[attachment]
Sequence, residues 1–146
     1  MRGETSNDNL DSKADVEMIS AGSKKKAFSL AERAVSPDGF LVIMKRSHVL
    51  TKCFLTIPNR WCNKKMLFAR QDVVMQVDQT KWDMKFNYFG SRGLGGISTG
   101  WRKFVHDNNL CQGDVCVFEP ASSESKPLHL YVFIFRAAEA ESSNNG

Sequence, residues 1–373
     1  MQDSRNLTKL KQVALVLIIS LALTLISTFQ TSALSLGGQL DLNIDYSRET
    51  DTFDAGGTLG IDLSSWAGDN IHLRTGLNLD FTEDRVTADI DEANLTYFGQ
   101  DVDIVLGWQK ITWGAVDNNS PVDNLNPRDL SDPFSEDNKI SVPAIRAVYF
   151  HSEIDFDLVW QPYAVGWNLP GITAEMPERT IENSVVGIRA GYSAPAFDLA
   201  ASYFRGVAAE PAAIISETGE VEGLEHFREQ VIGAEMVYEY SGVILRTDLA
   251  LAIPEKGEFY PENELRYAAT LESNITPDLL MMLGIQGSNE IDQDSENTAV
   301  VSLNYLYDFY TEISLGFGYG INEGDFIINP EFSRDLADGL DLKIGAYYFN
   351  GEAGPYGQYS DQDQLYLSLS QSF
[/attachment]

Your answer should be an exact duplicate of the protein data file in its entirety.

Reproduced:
Sequence, residues 1–146
     1  MRGETSNDNL DSKADVEMIS AGSKKKAFSL AERAVSPDGF LVIMKRSHVL
    51  TKCFLTIPNR WCNKKMLFAR QDVVMQVDQT KWDMKFNYFG SRGLGGISTG
   101  WRKFVHDNNL CQGDVCVFEP ASSESKPLHL YVFIFRAAEA ESSNNG

Sequence, residues 1–373
     1  MQDSRNLTKL KQVALVLIIS LALTLISTFQ TSALSLGGQL DLNIDYSRET
    51  DTFDAGGTLG IDLSSWAGDN IHLRTGLNLD FTEDRVTADI DEANLTYFGQ
   101  DVDIVLGWQK ITWGAVDNNS PVDNLNPRDL SDPFSEDNKI SVPAIRAVYF
   151  HSEIDFDLVW QPYAVGWNLP GITAEMPERT IENSVVGIRA GYSAPAFDLA
   201  ASYFRGVAAE PAAIISETGE VEGLEHFREQ VIGAEMVYEY SGVILRTDLA
   251  LAIPEKGEFY PENELRYAAT LESNITPDLL MMLGIQGSNE IDQDSENTAV
   301  VSLNYLYDFY TEISLGFGYG INEGDFIINP EFSRDLADGL DLKIGAYYFN
   351  GEAGPYGQYS DQDQLYLSLS QSF